Orthopaedics Department’s Regenerative Research Highlighted at ORS Annual Meeting

Miller School faculty and students discuss developing personalized therapies to slow and reverse osteoarthritis progression.

University of Miami Miller School of Medicine orthopaedic research on regenerative medicine for osteoarthritis dotted the presentation agenda at the Orthopaedic Research Society’s (ORS) Annual Meeting.

ORS uses the meeting as an opportunity to highlight interdisciplinary research, an area of emphasis for the Miller School’s Department of Orthopaedics.

“Miller School faculty and students had multiple poster presentations featuring our department’s university-wide collaborations, including colleagues from engineering, as well as the Hussman Institute,” said Thomas Best, M.D., Ph.D., professor of orthopaedics and vice chair of research at the Miller School.

Members of the Miller School's Orthopaedics Department at the 70th Orthopedics Research Society (ORS) annual meeting
Members of the Miller School’s Department of Orthopaedics, including Dimitrios Kouroupis, Ph.D. (second from left) and Thomas Best, M.D.. Ph.D. (far right), at the Orthopedics Research Society Annual Meeting.

The department is aggressively pursuing regenerative treatments for osteoarthritis, a growing concern in an aging population for a problem that lacks disease-modifying agents, according to Francis Hornicek, Jr., M.D., Ph.D., professor and chair in the Department of Orthopaedics at the Miller School.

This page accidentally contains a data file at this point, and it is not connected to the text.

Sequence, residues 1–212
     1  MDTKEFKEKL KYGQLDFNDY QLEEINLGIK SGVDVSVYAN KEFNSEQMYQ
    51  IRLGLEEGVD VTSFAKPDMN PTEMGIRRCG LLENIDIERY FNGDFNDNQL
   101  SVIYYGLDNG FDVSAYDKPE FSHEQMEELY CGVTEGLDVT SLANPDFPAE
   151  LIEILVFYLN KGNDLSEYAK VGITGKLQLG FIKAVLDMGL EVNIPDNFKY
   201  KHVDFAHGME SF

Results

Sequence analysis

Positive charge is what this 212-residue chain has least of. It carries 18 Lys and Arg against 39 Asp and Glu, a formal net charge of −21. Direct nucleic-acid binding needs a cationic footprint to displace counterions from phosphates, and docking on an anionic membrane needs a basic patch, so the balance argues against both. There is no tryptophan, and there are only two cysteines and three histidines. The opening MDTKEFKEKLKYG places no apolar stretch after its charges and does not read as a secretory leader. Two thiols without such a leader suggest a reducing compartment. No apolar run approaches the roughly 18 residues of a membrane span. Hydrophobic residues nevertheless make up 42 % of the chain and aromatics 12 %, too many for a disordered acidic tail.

“The research we’re doing is so important, as it is generating findings that could lead to therapies to treat the underlying disease and not just the symptoms,” Dr. Hornicek said.

Osteoarthritis Not a Single Disease

Eight studies by Miller School researchers were selected for this year’s ORS meeting, according to Dimitrios Kouroupis, Ph.D., assistant research professor of orthopaedics at the Miller School.

“Many academic groups around the world, including ours, strongly believe and are showing in studies that osteoarthritis, or OA, is not a single disease,” said Dr. Kouroupis, who co-authored most of the Miller School studies presented at the meeting and mentored the students who attended and presented. “In fact, it probably has multiple phenotypes.”

Dimitrios Kouroupis, Ph.D. left) and Thomas Best, M.D.. Ph.D., stand in front of a poster at the OST annual meeting.
Dr. Kouroupis (left) and Dr. Best at the ORS Annual Meeting.

That suggests physicians need to understand the phenotype before prescribing OA treatment. In the future, a doctor might be able to use a patient’s OA phenotype to prescribe a more specific, effective treatment.

“That’s the essence of precision or personalized medicine, an area in which we are making headway at the Miller School by exploring potential molecular phenotypes,” Dr. Best said. “We also are one of the most experienced orthopaedic research teams in small, extracellular vesicles or exosomes studies. We are collaborating on some of that research with one of the country’s leading sports medicine programs, the Steadman Philippon Research Institute.”

ORS Annual Meeting Highlights